These are the lessons we can draw from the Bolshevik - and our - victory, and they are tragically confirmed by the consequences for international communism when it attempted to ’go against the grain’. The revolution that will occur in the major modern industrialized countries, where capitalism is worn out and decrepit, will be ’like in Russia’ international, and led by the one and only Communist Party that is the inheritor of the most inspired traditions of the 3rd Communist International. It will use, once again, as in Russia, the methods of direct action and its own State violence organised against the White resistance. No partisan ’intermediate objectives’ between bourgeois dictatorship and proletarian dictatorship are forecast or anticipated.

For nigh on fifty years we have had accusations of theoreticism heaped on us by the opportunist parties, the very ones indeed which disguise their betrayals of the working class with ’flexibility’ of principles and tactical manoeuvrism. Because of this accusation of ’theoreticism’, we feel bound to repeat that the entire vast and important work of materialist and dialectical explanation of the historical process - running from Red October and Lenin to the present dismal state of dispersal of the class in all countries led by the reactionary parties - is not just abstract theory but is party work. The aim of reproposing the revolutionary doctrine in its entirety is party work (despite it being a small nucleus at the present time) in that it prepares the only compass that will enable us tomorrow to guide the revived and powerful communist party through the social cataclysms and the material conditions of whatever economic crises may present themselves on the horizon; we leave it to the paid hirelings of academia to busy themselves with historiographical contests. It is an unfortunate fact that at present our duty to outline the revolutionary path can only be embryonic and minimal, enabling us in this brief pamphlet only to show in barest outline those general issues which affect all aspects of our social life.

Only with the same revolutionary programme as before, the same manifesto of the communists, the Bolsheviks, and later of the Left alone, will the party be able to attract the proletariat, disappointed and dispersed, back to its tradition of assaults on the entire world of its enemies. Having determined to follow this path, which wasn’t chosen by us, we, like Marx and Lenin, will never seek to measure its validity in terms of days or half-centuries or indeed in terms of an isolated Russia. We refuse to sacrifice on the false altar of the ’here and now’ even one aspect of an identity which we derive from the same old deeds of the past. Our tendency has always been to re-stabilize those frail and fleeting links with the class which social reality allows: whenever the slightest crack appears in the capitalist facade which allows us to launch an attack, however small, we struggle beside the workers against the bosses and opportunists manoeuvrings in the ranks of the workers.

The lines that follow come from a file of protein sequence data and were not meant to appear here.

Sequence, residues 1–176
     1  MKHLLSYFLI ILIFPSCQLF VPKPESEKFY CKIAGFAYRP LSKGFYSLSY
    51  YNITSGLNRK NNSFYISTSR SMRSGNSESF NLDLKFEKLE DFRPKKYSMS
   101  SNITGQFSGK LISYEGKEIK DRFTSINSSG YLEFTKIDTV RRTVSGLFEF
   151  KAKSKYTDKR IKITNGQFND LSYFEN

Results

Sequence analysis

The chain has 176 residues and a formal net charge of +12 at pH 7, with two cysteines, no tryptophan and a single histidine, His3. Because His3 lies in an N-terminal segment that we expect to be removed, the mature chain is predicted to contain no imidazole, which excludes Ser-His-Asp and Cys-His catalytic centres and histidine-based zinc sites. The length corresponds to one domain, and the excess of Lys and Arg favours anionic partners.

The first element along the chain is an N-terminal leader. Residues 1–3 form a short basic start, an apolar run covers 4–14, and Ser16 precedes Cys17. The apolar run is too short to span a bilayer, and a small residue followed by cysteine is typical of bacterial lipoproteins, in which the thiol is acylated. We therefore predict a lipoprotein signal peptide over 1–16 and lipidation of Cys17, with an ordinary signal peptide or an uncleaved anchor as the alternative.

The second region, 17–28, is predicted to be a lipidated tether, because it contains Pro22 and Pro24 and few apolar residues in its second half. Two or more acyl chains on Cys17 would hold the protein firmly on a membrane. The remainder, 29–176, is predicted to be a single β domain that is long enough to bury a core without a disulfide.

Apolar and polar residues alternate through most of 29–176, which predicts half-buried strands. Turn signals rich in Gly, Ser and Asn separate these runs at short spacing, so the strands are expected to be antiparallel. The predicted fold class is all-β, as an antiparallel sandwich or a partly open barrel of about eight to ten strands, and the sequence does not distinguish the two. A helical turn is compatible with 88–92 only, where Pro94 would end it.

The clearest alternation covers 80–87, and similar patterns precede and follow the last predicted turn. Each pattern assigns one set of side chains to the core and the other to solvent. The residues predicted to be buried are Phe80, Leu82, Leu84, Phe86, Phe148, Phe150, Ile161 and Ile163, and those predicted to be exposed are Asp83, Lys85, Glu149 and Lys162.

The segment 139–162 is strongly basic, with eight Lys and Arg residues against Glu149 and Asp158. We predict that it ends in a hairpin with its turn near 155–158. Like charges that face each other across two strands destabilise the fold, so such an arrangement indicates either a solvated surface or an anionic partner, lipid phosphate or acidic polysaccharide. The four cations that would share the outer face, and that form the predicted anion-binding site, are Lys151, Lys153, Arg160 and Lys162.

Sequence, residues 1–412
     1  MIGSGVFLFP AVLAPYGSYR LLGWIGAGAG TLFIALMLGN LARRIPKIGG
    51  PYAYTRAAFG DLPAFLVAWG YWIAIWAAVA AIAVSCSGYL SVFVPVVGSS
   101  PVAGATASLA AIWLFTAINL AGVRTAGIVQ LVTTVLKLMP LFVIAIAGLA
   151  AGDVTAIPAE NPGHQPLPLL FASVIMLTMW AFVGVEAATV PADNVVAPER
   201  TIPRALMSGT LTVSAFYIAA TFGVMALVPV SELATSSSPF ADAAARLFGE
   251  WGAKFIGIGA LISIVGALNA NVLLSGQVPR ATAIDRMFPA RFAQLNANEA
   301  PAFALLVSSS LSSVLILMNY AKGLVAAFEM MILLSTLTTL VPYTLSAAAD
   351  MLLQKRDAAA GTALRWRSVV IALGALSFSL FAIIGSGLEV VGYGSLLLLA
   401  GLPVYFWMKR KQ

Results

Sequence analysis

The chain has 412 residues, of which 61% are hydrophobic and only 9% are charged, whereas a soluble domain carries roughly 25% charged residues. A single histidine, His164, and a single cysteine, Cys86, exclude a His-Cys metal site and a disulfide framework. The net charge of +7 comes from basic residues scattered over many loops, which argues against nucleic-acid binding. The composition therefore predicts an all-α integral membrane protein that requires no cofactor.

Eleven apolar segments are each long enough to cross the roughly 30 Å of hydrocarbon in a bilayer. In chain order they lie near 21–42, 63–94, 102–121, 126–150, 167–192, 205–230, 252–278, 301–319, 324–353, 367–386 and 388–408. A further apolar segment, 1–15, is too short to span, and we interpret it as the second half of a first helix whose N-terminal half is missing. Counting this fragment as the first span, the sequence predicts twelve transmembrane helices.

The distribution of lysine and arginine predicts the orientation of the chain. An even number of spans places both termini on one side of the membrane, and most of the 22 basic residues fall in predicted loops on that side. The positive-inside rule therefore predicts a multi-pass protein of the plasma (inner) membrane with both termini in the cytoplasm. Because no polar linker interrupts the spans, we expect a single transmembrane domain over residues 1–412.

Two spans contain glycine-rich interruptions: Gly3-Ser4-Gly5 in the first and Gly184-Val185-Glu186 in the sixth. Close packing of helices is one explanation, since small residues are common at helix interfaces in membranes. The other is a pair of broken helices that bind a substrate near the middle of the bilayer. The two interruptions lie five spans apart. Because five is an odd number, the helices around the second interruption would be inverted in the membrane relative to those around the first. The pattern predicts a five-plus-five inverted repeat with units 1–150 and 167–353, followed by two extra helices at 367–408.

We make no apologies for retaining above everything else an absolutely clear demarcation, both organizational and tactical, between ourselves and any other movement, grouplet, or partylet which confusingly declares itself to stem from the workers or from the ’Left’. And the very worst amongst them are those who stake claims to our tradition, when in fact, they are totally outside it. The fact of the matter is that for a long time now the western proletariat has been revolutionary only on one condition: if and when it has been led by the single integrated programme of communism, and the party which represents it. This means to the exclusion of other programmes and all other parties.
On this road, as always, we stubbornly continue to work.






1991 Introduction

The present publication contains translations into English of some of the many texts that have appeared in our party press dedicated to "The Russian Question". They were first published together in 1975, as they appear here, in the Italian language under the title "Why Russia isn’t Socialist". We have changed only the title and added one more short artide "Communism is Dead - Long Live Communism!" which was written in the light of the final, and complete, confession of capitalism by the Russian ruling classes (who now talk of selling Lenin’s corpse!). Apart from that, nothing has been changed apart from slight alterations to ‘The Party’s Work of Economic Research into the Historical Cycle of Capitalism" which has been updated in order to include statistical information up to 1987.

Our main intention in presenting this work is to accelerate the dismantling of the widespread myth of Russian socialism. The collapse of this myth has often been indicated by the party as one of the necessary conditions for the re-affirmation of the Communist revolutionary program, and thus, a retrenchment of the proletarian International on positions of revolutionary class struggle. Today the myth is being dismantled by the Russian government itself, but this does not prevent the bourgeoisie from launching a huge counter-revolutionary propaganda campaign: basing its conjectures on Stalinist and post-Stalinist falsifications, it gloats about the historical failure of Communism, when in reality the failure of Stalinism means neither the failure of Marxism as a scientific doctrine, nor the failure of the keystone of Marxism - the domination of the State by the proletarian class. The fact of the matter is that within Russia and its satellites the only thing that has really failed is the falsified versions of the Marxist doctrine, and the lie that would have us believe that proletarian State domination is impossible: it is only the myth of the possibility of a centralized, rational and socialized regulation of the capitalist mode of production that has really been exploded.